If you think that academia is not the exclusive playground of the academic left, consider the fate of UCLA epidemiologist James Enstrom.
In 2008, Enstrom thought that a report on the health effects of diesel emissions presented by the California Air Resources Board was faulty. As it turns out, CARB's nitrous oxide emission estimates were overstated by 340 percent. Enstrom and others had trouble believing that a Ph.D. statistician would make up some of CARB's findings. They dug around and found that CARB researcher Hien Tran had falsely claimed to have a doctorate in statistics from UC Davis. In fact, Tran had a master's degree from UC Davis, but his doctorate came from an unaccredited school.
CARB has since scaled back the diesel regulations it had previously approved -- although spokesman Stanley Young asserts that the policy change "was not related to the research" -- which officials have maintained were overestimated because of calculations made prior to the recession. CARB did demote Tran and cut his monthly pay by $1,066 to $7,899 per month.
Enstrom didn't fare as well.
In February 2010, after renewing his research grants regularly since 1976, UCLA notified Enstrom that he had lost his funding. Unlike Tran, he would be out of a job.
A July 2010 memo later informed Enstrom that Department of Environmental Health Sciences faculty had determined his work did not meet department requirements and "your research is not aligned with the academic mission of the Department."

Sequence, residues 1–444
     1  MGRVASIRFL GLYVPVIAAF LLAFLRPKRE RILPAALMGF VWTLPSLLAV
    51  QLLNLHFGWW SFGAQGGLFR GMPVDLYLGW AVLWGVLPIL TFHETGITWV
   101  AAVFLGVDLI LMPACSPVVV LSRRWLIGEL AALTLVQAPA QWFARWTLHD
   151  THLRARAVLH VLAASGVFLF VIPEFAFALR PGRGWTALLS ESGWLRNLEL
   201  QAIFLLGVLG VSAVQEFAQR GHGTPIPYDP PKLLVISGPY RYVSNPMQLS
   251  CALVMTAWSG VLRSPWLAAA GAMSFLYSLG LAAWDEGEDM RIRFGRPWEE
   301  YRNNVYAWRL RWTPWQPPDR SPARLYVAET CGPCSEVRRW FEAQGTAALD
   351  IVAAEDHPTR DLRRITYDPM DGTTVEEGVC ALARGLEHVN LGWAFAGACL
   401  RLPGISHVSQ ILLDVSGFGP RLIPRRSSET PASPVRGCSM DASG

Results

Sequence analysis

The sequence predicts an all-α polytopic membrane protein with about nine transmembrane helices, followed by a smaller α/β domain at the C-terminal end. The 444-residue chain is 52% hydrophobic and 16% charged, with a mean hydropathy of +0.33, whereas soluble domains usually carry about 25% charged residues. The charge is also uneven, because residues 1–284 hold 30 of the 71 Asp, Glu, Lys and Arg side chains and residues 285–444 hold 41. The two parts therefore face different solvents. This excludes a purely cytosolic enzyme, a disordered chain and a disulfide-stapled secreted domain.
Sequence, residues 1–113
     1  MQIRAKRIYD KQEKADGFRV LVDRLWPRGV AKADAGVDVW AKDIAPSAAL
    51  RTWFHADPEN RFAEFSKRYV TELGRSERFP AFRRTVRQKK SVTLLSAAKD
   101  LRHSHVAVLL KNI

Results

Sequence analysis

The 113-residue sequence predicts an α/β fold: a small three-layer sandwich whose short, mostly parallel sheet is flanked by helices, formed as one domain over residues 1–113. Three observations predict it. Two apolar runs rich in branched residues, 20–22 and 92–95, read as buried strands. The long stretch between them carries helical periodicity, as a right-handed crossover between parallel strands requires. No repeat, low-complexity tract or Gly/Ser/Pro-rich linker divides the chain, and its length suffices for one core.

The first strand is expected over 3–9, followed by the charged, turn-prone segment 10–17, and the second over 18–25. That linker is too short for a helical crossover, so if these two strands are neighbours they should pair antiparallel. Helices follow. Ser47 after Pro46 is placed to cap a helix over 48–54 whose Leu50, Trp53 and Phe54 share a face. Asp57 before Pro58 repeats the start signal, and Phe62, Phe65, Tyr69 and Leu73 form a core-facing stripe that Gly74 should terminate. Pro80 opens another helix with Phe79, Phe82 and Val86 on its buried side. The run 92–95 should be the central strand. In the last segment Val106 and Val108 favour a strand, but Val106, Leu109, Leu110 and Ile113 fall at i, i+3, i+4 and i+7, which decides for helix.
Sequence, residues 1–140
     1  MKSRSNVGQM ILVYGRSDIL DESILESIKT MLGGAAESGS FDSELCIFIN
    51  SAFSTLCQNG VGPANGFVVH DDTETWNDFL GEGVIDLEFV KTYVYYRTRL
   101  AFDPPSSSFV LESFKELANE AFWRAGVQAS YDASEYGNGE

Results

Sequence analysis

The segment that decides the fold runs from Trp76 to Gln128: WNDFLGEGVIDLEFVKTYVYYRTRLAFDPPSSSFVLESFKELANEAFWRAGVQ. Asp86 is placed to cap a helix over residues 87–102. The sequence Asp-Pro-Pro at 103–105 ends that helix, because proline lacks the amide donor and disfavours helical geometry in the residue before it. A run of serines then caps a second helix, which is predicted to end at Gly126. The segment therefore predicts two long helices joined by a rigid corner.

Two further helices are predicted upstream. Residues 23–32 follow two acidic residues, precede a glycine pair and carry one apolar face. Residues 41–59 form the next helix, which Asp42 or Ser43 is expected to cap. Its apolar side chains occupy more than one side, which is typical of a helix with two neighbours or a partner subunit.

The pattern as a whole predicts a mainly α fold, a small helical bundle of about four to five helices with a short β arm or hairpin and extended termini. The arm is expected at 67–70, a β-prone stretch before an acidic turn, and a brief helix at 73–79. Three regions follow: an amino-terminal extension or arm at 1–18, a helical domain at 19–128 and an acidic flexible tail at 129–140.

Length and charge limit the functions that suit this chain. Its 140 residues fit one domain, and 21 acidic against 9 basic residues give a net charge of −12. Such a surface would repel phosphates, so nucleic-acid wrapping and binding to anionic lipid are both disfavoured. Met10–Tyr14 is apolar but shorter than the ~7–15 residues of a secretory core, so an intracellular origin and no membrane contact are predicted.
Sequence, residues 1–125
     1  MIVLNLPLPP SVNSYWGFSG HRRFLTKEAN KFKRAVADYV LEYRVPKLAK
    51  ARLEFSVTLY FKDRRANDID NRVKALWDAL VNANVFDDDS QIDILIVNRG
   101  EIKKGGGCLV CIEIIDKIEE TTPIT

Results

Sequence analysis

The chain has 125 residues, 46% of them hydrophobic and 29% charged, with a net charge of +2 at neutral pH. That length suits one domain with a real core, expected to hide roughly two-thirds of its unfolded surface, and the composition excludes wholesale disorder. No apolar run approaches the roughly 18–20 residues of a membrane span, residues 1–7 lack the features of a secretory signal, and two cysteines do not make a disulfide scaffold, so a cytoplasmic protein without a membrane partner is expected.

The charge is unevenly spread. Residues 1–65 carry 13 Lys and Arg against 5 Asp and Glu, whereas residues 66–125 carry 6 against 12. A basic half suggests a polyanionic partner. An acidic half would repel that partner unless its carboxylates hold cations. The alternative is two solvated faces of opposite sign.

Not aligned with the academic mission? That reads like academic-speak for: politically incorrect. Enstrom has little doubt that UCLA cut his cord because he was a CARB whistle blower. Worse, his 2005 study on the health effects of fine particulate matter essentially found that the diesel exhaust has slight, if any effect, on premature death.
"The timing is almost unmistakable because I had essentially no problems for a position that started July 1, 1976," Enstrom told me over the phone. "This is extremely dangerous for academic freedom and scientific integrity."
Enstrom has been fighting his sacking. Last week, the university held hearings on his case. The university won't comment, citing privacy issues.
The Foundation for Individual Rights in Education has taken up Enstrom's cause in the name of academic freedom. FIRE Vice President of Programs Adam Kissel explained, "We don't know who's right or wrong on the science, but we know that everyone has a right to challenge one another on the quality of the science if they do it in good faith."
CARB research chief Bart Croes said Enstrom's fine-particulates health study was not "inconsistent with ones we've used in our work," but he saw "deficiencies" in Enstrom's methodology. Some critics suggest that while his study aligned with other research, and has been cited by the U.S. EPA, his test group was too old; besides, Enstrom is too stingy with caveats and too activist in his interpretations.
Maybe the critics are right. Or maybe that's how they always go after conservatives. It's not simply that they disagree, it's that the scientist in question doesn't meet this hallowed academic standard that is rarely if ever applied to left-leaning scientists/activists. They believe in academic freedom, but that doesn't mean they should have to tolerate dissent.